These words were just about an exact articulation of what I was feeling, and a perfect understanding of how this year has already so profoundly shaped who I am and who I will be for years to come. I have learned to recognize myself through my interactions with so many people, in many different time zones, in many different languages. I’ve learned what I need in order to feel safe, in order to feel happy, in order to contribute to my surroundings in a positive way, in order to feel like me. As I begin to slowly face the reality that I will eventually be returning home from this adventure, the possibilities for where I go from here seem vast and overwhelming. Sometimes I wonder if this year will just feel like a dream. What the idea of finding your own throughline does for me, is remind me that this year will always be an integral part of who I am, of how I think, and how I understand myself and others. It’s a superpower indeed.

I am excited, nervous, and a little tired when I think ahead to the next six months. I can only imagine they will continue to shape me in ways I can’t begin to imagine yet.

A thousand thank yous for this gift. I am learning every day.


Nell Bang-Jensen


-At Hunmayan's Tomb in Delhi
-At the Taj Mahal in Agra
-Sunlight in a Moroccan Medina
-In Sale, Morocco
-About to eat a Moroccan tajine (that I made!)
-With my family in Rabat, Morocco
-The Hassan II Mosque in Casablanca
-Street view in Leipzig, Germany

Saturday, January 28, 2012

Six Month Watsoversary

The Queen's summer palace in freshly fallen snow.

I'm writing this post from a frigid Copenhagen, looking at the lights reflecting on the harbor outside. I just arrived here yesterday and it seems appropriate to the spirit of the Watson that the halfway point of this year finds me facing a lot of newness in a country I had no idea I would end up visiting when I began this journey last July.

I absolutely cannot believe it's already been six months since I left the states. I absolutely cannot believe I have another six months of this to go.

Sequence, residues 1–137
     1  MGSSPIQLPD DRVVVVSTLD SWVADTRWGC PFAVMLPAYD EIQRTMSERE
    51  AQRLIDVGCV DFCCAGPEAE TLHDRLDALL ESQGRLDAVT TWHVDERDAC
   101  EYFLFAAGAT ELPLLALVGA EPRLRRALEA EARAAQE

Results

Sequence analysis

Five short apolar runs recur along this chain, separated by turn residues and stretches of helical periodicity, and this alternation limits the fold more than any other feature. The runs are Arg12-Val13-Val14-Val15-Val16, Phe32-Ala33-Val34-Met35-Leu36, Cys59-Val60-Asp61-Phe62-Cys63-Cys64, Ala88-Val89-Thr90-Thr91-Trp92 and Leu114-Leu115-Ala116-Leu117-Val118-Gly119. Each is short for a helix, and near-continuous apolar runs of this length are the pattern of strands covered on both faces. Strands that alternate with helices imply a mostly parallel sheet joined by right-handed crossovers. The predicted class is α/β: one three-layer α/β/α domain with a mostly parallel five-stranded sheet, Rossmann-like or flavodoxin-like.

I'm having trouble articulating all that I'm feeling as I think about what's past and what's to come, but hopefully my second quarterly report will help there. All I can say for now is that I'm one lucky lucky girl. As much as there are days I long to be home (namely to be in my own bed, or be able to pick up the phone and reach anyone I want to talk to, or eat a burrito... or ideally do this all at the same time), I am extremely grateful for this. For all of it.

In the past month I have:

-Welcomed 2012 in a Moroccan riad with people I love.

-Bought a lot of inexpensive saffron.

-Learned to make a vegetarian tajine.

-Spent days eating olives at every meal.

-Visited the third largest mosque in the world.

-Had an extreme bargaining escapade that ended in my purchase of a leather jacket.

-Drank a martini at the iconic Rick’s Café in Casablanca (cross that off the life bucket list).

-Said another hard goodbye. Bawled in a hotel lobby. (The Moroccan receptionist cried too because she said it reminded her of when she said to say goodbye to her son who lives in France).

-Set foot outside of Asia and Africa for the first time in five and a half months.

-Experienced a lot of culture shock.

-Adjusted to being in a country where I blend in. (I’m finding when you can’t pull the whole “I look like a tourist thing” and you still don’t understand what anyone is saying, you just end up looking really stupid).

-Thanks to Stefan’s employer and the generosity of the Fenchel family, I drove around a new BMW for a few weeks. I can’t tell you how good it felt to drive for the first time since leaving the United States. Let alone a BMW.

-Learned to make a German eierscheke (cake) and quickly became acclimated to the kaffeetrinken tradition.

-Rode in a car going 218 kilometers on the autobahn (that would be 135 jaw-dropping mph, my friends).

-Drank a beer in the passenger seat of a car on the autobahn.

-Successfully completed the above two accomplishments legally.

-Played countless games of hide and go seek. Spent a lot of time dancing. And tickling. And snuggling.

-Gotten to know the city of Leipzig, had a better understanding of GDR history

-Sampled a lot of German beer and wine. (As my uncle pointed out to me recently, this is probably a factor in some German parents’ naming decisions, after all).

-Tried (almost) every strategy for getting a baby to sleep.

-Went to several Anglican church services.

-Talked to a lot of moms about names. Visited a German standesamt. Found a university department with professors who offer classes about names and picked their brains for hours.

-Eaten a ridiculous amount of cheddar cheese (oh how I’ve missed you….)

-Read a lot of books about farm animals. Resultingly, learned the sounds that German farm animals make.